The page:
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Gloomy Math Will Weigh On Europe – Investopedia

[OPINION: The views expressed by Investopedia columnists are those of the author and do not necessarily reflect the views of the website.]

My team of research analysts believes trouble is brewing beneath the surface of European equity markets. Our analysis indicates that weakening demographic trends in Europe will suppress the region’s economic growth for the foreseeable future. In other words, we believe investors should avoid owning European equities.

We made the call on #EuropeSlowing back in April, just as the continent’s stock markets started rolling over. From their year-to-date highs, France’s CAC 40, Spain’s IBEX and the German DAX are down -4.3%, -7.9% and -3.3% respectively. In contrast, over the past three months the Nasdaq is up 4.3%, while the S&P 500 is up 2.5%.

Our proprietary Growth, Inflation, Policy (GIP) model is signaling deceleration in both economic growth and inflation across the broader Eurozone economy. This view runs counter to Wall Street consensus, which we believe is largely complacent on the long side of both the Euro currency and European equities.

Actively tracking demographic trends is an essential tool for getting big macro moves right. Consumption is a major driver for developed economies. Likewise, if the age group of peak spenders is shrinking, you’ve got a problem on your hands. In the U.S., consumption makes up approximately 70% of GDP. Across the European Union, that figure is about 56%. The setup in the U.S. and European equities could not be more different.

When you consider how important consumption is to both the U.S. and Europe, the following recent data is disconcerting:

  1. Swiss GDP came in at 0.3% in Q2 of 2017 is the lowest rate of change since 2009
  2. Italian Retail Sales came in at 0.00% y/y (those are zeroes) in July vs. +1.5% in June
  3. France’s Retail PMI dropped down to test “contraction” zone at 50.4 in August vs. 54.1 in July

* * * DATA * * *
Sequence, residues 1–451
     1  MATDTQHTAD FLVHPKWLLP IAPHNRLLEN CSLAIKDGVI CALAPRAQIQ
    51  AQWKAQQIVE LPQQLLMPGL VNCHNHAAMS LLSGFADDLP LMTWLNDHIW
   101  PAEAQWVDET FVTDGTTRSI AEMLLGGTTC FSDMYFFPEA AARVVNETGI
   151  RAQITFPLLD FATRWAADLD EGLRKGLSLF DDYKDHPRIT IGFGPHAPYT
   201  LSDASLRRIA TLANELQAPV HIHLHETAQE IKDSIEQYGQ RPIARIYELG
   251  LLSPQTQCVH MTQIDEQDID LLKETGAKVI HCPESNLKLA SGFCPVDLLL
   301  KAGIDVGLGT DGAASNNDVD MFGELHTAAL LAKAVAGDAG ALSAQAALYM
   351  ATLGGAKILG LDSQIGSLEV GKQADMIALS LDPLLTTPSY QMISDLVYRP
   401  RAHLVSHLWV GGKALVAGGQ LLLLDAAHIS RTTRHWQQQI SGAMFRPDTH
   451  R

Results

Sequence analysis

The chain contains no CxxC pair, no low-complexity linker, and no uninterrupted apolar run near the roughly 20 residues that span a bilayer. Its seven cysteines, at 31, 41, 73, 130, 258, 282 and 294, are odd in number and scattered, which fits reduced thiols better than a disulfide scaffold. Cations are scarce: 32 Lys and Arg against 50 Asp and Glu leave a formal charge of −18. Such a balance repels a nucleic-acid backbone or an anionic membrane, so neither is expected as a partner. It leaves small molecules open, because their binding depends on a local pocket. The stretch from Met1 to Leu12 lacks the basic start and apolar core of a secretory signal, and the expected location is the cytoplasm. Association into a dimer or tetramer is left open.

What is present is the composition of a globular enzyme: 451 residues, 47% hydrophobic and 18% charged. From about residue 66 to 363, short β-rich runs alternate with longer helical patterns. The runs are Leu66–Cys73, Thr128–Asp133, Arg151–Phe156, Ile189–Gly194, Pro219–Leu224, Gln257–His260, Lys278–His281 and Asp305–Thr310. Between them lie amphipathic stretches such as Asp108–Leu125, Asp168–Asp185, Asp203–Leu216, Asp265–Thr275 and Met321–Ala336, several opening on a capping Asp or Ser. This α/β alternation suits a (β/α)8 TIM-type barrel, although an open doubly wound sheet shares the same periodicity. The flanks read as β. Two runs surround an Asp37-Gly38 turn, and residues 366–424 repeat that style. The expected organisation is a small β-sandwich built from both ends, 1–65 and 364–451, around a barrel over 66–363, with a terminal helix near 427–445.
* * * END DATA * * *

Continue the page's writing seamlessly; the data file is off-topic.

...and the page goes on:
In other words, Eurozone consumption may be peaking.

In contrast, US Retail Sales accelerated in July to +4.2% year-over-year growth. Meanwhile, our US GDP tracker continues to tick higher on both a sequential and year-over-year basis as a result of the aggregate data that has been reported.

Within European equities, we think downshifting at the sector and style factor levels is appropriate. What this effectively means is being short of Spain (EWP) and Italy (EWI), which boast elevated exposures to the Financials sector at 42% and 35%, respectively.


If European growth is slowing, expect the Financials sector to get hit as bond yields fall, cutting into their profitability. (Banks profit off of the spread between short-term and long-term rates by borrowing short and lending long.)

Getting back to demographics, In most developed nations, the age bracket of peak consumers are 35-54 year olds. Simply put, if this key demographic subset is slowing, it’s cause for concern. That’s precisely what’s happening in Europe, particularly in the south of Europe.

In Spain, Portugal, Greece and Italy this peak spending demographic is set to decelerate through 2030. More specifically, the estimated growth rates in this peak spending cohort by 2030 for these four economies are -2.5%, -2.3%, -1.8%, and -1.6% year-over-year, respectively.

That’s bad news.

For the Eurozone as a whole, the growth rate of 35-54 year olds by 2030 will be an estimated -0.7% year-over-year. This compares to +1.0% year-over-year in the U.S., thanks to a lift from “Millennials” who have now officially surpassed “Baby Boomers” as the nation’s largest living generation.

It gets worse.

As Southern Europe experiences the largest declines in their peak spending cohort, they will simultaneously have the highest Old-Age Dependency Ratios, which measures the 65+ year old population as a percentage of the total population. The old age dependency population in Spain, Portugal, and Italy is roughly 21%, 24%, and 24%, respectively. For context, this 65+ population is 18% in the U.S.

As you can see in the chart below, Europe has the combined problem of aging at a more rapid rate over the coming five years, at the same time as overall population growth slows. It’s not exactly a recipe for success. Countries appearing furthest toward the bottom right-hand side of the graph are the most troubled. Unsurprisingly, joining Europe down there is Japan.

In short, demographic trends (secular) and slowing economic data (cyclical) do not bode well for Europe. Add this to the list of reasons why we think European Central Bank (ECB) head Mario Draghi will be the world’s most dovish central banker by the end of next year. The coming demographic cliff is a gloomy mathematical reality that will hang over Europe for some time.

Hedgeye is an independent, conflict-free investment research and online financial media company. Click here to get a free month of Hedgeye’s newly-launched ETF product “ETF Pro.” It distills Hedgeye’s investment research down to tactical macro ETF exposures.

Gloomy Math Will Weigh On Europe – Investopedia

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